The COVID-19 pandemic has created a long, wild ride with far-reaching impact for our beloved nonprofit sector. The disruptive effects from this pandemic are different than what nonprofits have faced in the past – the pandemic has cut across all segments of nonprofits. We’ve discovered that revenue loss is not only defined by the source of funding; it is also tied to people gathering to receive or enjoy the experience our nonprofit offers. During the past year, nonprofits have had to manage increases in demand amid constrained capacity, concerns for the health and safety of staff and clients and availability of workers.

In spring 2020, nonprofit experts rallied in a show of support for this sector and suggested that nonprofits focus on two questions:

“What is the most useful first step to take in managing crisis or change?”

“What could a nonprofit do in a few hours to manage risk?”

Those two questions are still important.  I would also offer that it’s critically important for you as a nonprofit leader, to build upon the three habits below:

Understand your situation: Cash flow 

Would you set out on a road trip without checking how much gas is in the tank? Of course not. Much like embarking on a journey, nonprofits are best able to make decisions when we have clear and accurate information, especially in times of change or crisis, when the fire hose is on full bore. I’m hoping you conducted a cash flow projection last spring. If you haven’t done a cash flow projection recently, now is the time! An accurate projection lets leadership and board see if and when the organization will face cash shortages.

Unlike a budget, which looks at revenue and expense over a period, typically a year, a cash flow projection maps actual cash and expense as it is received and used in smaller increments, typically months. A good projection includes cash on hand at the beginning of the month, expected revenue, and projected expenses. And, remember to account for proper timing of the release of any restricted grant dollars.  

Remember, this is not a “one and done” exercise.  Quarterly updates on your cash flow can help you avoid surprises.

If a cash shortage is expected, there may be options to consider.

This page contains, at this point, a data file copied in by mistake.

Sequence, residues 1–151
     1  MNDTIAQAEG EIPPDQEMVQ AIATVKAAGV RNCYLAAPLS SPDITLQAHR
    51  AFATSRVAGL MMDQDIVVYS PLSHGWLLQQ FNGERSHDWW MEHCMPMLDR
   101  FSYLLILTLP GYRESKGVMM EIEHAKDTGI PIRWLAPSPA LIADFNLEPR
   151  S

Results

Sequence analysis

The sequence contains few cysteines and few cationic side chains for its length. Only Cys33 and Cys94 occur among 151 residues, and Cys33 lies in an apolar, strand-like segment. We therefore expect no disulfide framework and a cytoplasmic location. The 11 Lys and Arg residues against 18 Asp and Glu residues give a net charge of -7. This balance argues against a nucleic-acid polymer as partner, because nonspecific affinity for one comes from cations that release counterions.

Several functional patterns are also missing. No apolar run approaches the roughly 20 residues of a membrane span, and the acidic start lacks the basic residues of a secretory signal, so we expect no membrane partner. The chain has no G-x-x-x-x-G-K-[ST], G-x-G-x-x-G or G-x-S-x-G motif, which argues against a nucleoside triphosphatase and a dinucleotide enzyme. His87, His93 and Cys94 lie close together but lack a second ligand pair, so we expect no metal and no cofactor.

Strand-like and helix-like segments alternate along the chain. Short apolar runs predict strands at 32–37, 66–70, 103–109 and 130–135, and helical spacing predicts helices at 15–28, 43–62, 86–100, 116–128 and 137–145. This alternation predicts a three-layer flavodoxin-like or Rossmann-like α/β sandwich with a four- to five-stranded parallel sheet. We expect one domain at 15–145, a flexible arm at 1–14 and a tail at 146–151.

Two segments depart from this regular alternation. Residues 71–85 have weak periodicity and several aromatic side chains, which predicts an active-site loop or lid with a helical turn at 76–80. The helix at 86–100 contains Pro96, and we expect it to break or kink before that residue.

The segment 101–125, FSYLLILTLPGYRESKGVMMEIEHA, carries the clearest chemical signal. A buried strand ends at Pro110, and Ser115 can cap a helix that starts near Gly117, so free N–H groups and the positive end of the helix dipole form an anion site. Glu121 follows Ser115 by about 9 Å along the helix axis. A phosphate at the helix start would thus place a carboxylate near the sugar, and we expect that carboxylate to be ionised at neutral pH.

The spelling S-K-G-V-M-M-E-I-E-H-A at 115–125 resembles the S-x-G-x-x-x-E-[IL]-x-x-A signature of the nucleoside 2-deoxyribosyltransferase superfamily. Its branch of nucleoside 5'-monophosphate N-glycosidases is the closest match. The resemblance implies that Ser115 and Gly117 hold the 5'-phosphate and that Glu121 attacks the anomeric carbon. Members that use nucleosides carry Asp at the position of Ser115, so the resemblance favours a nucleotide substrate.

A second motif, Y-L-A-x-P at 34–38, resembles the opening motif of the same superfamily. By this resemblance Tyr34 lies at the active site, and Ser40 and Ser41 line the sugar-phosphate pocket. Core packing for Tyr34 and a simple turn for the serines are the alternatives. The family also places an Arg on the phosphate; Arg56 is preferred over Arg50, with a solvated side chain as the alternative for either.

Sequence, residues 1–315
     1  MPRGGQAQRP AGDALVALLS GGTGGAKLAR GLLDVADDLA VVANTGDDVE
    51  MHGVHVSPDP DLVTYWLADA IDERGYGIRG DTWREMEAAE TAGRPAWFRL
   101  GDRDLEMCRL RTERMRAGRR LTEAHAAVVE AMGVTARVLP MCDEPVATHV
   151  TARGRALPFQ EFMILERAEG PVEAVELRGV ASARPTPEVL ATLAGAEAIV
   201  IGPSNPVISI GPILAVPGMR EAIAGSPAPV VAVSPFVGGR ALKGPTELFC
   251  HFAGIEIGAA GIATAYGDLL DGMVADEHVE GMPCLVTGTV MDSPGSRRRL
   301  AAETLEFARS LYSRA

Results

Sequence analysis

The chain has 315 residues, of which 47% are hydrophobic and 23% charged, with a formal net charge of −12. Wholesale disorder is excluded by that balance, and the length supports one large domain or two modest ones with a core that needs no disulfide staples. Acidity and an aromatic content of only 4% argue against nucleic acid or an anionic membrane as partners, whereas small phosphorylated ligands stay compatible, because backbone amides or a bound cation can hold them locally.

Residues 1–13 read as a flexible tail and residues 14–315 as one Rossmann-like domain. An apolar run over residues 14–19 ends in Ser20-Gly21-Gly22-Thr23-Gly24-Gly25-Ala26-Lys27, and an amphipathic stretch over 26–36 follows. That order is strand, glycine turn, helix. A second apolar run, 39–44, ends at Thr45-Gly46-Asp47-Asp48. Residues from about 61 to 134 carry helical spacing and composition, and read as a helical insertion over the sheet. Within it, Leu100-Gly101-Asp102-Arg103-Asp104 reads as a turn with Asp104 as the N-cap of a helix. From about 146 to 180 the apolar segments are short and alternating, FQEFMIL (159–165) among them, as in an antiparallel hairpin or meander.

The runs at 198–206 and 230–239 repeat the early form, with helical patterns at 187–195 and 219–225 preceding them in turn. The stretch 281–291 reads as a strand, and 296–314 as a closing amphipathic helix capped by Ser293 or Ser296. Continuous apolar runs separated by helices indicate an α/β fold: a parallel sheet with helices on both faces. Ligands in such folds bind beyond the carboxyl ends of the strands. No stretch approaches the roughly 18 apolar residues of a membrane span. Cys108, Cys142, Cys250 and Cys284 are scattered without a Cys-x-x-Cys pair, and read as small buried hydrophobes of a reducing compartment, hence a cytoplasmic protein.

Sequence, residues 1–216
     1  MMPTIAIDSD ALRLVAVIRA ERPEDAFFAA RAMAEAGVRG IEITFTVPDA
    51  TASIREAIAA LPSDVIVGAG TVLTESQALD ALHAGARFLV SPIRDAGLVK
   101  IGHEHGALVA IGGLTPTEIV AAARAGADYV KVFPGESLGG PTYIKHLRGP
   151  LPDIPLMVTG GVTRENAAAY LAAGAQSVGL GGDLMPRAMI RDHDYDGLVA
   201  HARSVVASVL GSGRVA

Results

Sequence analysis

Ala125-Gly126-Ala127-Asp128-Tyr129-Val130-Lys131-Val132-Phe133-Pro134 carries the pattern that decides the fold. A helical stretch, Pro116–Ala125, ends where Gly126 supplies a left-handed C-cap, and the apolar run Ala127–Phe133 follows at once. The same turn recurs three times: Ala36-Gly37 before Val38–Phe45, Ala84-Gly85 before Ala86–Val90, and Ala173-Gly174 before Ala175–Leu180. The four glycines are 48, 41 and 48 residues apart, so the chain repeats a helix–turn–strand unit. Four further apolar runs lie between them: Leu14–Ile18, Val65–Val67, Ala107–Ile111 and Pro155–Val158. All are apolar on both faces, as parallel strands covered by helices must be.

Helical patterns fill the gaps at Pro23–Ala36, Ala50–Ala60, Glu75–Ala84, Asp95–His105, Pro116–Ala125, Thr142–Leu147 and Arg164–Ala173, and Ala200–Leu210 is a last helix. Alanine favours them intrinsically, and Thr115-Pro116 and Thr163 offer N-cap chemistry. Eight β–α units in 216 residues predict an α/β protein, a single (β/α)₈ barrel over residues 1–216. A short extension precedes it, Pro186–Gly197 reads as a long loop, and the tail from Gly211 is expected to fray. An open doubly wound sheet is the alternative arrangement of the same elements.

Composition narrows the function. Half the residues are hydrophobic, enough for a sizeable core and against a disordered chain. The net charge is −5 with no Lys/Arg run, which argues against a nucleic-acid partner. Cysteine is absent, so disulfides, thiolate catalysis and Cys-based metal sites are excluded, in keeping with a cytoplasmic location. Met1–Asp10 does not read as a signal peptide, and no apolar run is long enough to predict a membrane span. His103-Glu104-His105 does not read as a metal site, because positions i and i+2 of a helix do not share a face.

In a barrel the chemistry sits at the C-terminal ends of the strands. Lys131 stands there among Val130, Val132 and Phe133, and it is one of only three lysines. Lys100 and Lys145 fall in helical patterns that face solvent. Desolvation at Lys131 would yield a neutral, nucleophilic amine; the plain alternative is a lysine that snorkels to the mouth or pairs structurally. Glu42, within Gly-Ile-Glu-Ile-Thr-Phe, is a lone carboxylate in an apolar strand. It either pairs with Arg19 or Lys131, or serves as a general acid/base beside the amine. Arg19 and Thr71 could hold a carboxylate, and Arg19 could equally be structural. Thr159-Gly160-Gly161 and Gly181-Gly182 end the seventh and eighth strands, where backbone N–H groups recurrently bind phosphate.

Once conversations related to revenue and expenses are exhausted, nonprofits will better understand if they need subsidy and financing. Do you have access to savings (reserves) and sources of working capital such as a line of credit? If taking these measures, include the board or board finance committee.  The board is charged with risk management, and they should ensure that the use is aligned with mission-critical services, there is a clear plan for repayment, and an alignment with your ongoing operating plan. If it’s not in the best interest for you to take out a loan or use your line of credit – the board needs to make that call.

Determine and monitor your options 

Once you understand your nonprofit’s current cash flow, it’s helpful to plan for different scenarios and gauge what needs to happen for you to maintain level services or take other measures.

Building realistic scenarios (“what ifs”) helps leadership respond to unpredictable situations. Nonprofits impacted by loss of revenue or employees unable to work need to continue to anticipate how these interruptions will affect programs and staff and be prepared with a response.  Scenarios temper the chaos uncertain times can cause and gives nonprofits a chance to be thoughtful about big decisions that need to be made quickly and under pressure.

Scenarios are dynamic, which is why I suggest that clients consider three scenarios. Typically, nonprofits like talking about ‘best’ ‘base’ and ‘worst’.  I encourage nonprofits to put careful thought behind scenarios such as What if:

Your projections allow leadership to inform the programmatic and financial narrative rather than relying on ‘gut feeling’ and ‘best guesses’.

Communicate and Reflect 

Talking about money and scenarios can be overwhelming and awkward.  Communicating with board, staff and supporters about the current situation and what is needed to fully respond is key for everyone to be able to do their part. I find that sharing stories of impact, combined with financial outcomes, tends to make these conversations easier – for you and for your audience. The more comfortable you become narrating your situation, your options, and what you need, the easier it is to work with staff, board and donors on finding a path forward.